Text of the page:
A dumpster diving attack is a type of cyber attack made possible by searching through the victim’s trash.

While you might be imagining a messy and filthy scenario where a person dives into a dumpster, the reality is less unsanitary. In a dumpster diving attack, threat actors could be in and out of the dumpster in a matter of minutes. But they may already have their hands on a box full of confidential documents, storage devices, and workstations.

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Read More about a “Dumpster Diving Attack

In a dumpster diving attack, threat actors take the adage “One man’s garbage is another man’s treasure” to a whole new level. They could obtain sensitive information that allows them to infiltrate a network or copy a person’s identity.

What Data Can Dumpster Drivers Obtain?

You would be surprised at the amount of information about you, your life, or your company in your trash. Think about the last time you threw your credit card statement. Did you shred it? How about the medical laboratory result from your previous visit to the doctor?

Among the data that dumpster drivers can get from searching through your trash are:

  • Phone numbers of family members, friends, customers, and business associates
  • Access codes and passwords written on an innocent notepad
  • Credit card and bank account numbers
  • Blueprints of product designs
  • Printed drafts of business plans
  • Calendars and to-do lists for previous days
  • CDs, DVDs, and other portable storage devices

More can be added to the list, but you now get the point. Any of the above information can be used to gain access to your home or work network. Notepads that contain passwords and access codes are the most valuable. However, most of us have learned to discard these items without a thought for security.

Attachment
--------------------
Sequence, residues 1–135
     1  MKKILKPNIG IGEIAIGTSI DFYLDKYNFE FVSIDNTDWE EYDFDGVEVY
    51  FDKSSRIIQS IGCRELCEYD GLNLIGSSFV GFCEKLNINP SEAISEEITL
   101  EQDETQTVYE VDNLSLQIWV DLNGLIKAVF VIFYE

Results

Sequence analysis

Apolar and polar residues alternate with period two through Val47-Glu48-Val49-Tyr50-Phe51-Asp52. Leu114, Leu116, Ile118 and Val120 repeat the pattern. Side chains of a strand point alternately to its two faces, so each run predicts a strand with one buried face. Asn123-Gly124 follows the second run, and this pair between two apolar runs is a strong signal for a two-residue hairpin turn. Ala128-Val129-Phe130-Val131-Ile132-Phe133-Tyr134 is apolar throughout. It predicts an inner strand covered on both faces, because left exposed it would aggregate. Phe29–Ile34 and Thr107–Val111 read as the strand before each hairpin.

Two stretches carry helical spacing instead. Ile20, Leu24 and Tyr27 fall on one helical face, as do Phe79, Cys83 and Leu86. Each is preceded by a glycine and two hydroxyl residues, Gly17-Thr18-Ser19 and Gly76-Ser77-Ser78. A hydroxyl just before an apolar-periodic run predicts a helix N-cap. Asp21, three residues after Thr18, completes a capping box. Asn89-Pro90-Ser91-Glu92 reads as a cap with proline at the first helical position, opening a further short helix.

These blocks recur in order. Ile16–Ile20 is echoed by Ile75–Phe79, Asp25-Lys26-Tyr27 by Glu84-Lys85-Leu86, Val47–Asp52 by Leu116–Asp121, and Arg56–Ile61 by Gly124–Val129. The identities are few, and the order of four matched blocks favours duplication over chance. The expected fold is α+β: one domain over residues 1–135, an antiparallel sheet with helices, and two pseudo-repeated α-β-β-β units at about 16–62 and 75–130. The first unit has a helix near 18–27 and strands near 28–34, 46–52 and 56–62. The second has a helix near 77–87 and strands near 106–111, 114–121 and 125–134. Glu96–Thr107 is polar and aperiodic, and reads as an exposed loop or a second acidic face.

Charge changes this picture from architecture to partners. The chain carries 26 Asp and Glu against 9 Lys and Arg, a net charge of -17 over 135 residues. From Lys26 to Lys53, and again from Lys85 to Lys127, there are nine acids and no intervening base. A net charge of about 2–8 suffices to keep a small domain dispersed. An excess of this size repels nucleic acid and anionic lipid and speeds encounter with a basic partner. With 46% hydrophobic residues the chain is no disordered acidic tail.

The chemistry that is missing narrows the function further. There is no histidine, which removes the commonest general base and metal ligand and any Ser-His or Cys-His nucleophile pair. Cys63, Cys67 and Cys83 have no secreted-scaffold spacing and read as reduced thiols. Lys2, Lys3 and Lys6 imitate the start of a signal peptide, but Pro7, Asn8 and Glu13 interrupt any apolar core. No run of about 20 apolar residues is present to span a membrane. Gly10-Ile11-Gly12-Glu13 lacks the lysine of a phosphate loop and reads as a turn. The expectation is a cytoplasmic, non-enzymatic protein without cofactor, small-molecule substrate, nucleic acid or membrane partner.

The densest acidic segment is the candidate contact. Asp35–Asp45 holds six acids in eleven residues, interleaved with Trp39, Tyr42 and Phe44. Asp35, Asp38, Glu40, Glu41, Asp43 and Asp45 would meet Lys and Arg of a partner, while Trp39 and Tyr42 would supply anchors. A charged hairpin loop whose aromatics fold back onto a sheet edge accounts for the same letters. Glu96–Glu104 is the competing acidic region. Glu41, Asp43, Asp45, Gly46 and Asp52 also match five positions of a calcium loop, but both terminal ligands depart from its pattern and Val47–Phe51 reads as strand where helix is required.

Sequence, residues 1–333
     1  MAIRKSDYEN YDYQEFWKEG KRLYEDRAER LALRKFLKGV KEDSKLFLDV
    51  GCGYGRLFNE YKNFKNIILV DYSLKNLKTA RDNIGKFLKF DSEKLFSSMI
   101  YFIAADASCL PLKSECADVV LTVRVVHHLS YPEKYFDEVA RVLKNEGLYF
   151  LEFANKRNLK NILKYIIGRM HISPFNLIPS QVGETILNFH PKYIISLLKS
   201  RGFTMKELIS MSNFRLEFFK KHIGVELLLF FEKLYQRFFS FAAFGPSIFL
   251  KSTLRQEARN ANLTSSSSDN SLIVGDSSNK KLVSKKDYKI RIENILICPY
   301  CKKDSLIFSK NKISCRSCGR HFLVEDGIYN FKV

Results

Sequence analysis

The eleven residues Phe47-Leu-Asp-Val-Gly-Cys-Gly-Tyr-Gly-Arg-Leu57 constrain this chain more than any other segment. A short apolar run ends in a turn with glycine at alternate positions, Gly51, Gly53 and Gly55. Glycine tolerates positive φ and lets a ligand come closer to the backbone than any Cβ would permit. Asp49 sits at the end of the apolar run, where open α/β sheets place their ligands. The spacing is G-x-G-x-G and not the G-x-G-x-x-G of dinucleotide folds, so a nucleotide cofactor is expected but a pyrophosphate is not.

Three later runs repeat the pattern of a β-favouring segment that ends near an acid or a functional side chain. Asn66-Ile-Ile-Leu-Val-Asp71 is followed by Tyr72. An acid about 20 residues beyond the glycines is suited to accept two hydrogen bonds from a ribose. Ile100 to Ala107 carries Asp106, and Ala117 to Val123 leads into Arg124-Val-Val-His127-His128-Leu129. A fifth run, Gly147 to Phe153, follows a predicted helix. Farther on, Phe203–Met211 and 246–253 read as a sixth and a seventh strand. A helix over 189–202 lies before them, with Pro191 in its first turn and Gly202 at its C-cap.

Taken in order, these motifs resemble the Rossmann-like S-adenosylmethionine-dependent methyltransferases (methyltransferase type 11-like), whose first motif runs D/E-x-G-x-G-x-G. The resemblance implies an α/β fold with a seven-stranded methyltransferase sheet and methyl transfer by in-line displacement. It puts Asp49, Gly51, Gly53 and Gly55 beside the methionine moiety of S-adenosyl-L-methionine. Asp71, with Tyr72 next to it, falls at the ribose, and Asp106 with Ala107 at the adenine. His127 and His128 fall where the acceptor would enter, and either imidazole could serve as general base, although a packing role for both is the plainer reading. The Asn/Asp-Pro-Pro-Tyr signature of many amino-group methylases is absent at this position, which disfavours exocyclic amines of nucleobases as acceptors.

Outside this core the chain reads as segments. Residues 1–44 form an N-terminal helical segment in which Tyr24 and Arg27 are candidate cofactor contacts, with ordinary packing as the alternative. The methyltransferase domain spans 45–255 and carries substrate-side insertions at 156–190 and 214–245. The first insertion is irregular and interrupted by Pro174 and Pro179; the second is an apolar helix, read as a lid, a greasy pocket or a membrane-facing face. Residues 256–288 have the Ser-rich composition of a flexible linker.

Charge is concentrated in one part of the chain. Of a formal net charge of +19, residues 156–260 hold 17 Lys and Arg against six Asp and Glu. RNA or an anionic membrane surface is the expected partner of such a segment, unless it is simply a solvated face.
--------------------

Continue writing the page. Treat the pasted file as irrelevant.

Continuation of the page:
A list of clients would be useful for a competitor. However, some of the data, such as calendars and phone numbers, may seem harmless. Keep in mind that they could be used in social engineering or masquerade attacks where threat actors imitate you or any of your contacts.

Real-Life Dumpster Divers

Jerry Schneider

One of the most infamous examples of dumpster divers is Jerry Schneider, who started a wholesale telephone equipment company while in high school in 1968. The idea came from the dumpster, specifically Pacific Telephone’s trash, that included order and delivery system documents, manuals, and invoices.

Needless to say, Schneider got in trouble and served 40 days in a security facility. He then founded a security consulting company.

Matt Malone

Matt Malone is known as a professional dumpster diver, making thousands of dollars a year. He would get into a dumpster and come out after a few minutes with valuable items, such as electronic devices, power tools, and furniture. Below is an actual footage of Malone searching through dumpsters:

While he is now making money by selling the items he finds from dumpsters, he started as a zero-knowledge attacker. He was hired to break into a company’s system but didn’t know how. One of his first moves was to dig through the target’s trash. After a few weeks, he found several documents that contained the sensitive information of thousands of customers.

How to Protect Yourself from Dumpster Diving Attacks

The success of dumpster diving attacks can be traced back to lack of security knowledge. If people knew how an attacker could use the data on a piece of paper, they wouldn’t throw it without shredding.

Therefore, the most effective way to protect yourself and your organization from dumpster diving attacks is education. Learn to distinguish between confidential and public records.

For organizations, including disposal management in your overall security policy could provide clear guidelines on how sensitive data from your trash can stay protected. For example, the policy may dictate that all papers should be shredded before disposal. Storage devices, on the other hand, have to be cleaned of all data.

A dumpster diving attack does not just occur in 90’s spy movies. It remains an effective method of obtaining valuable information about a competitor, an opponent, or a target victim.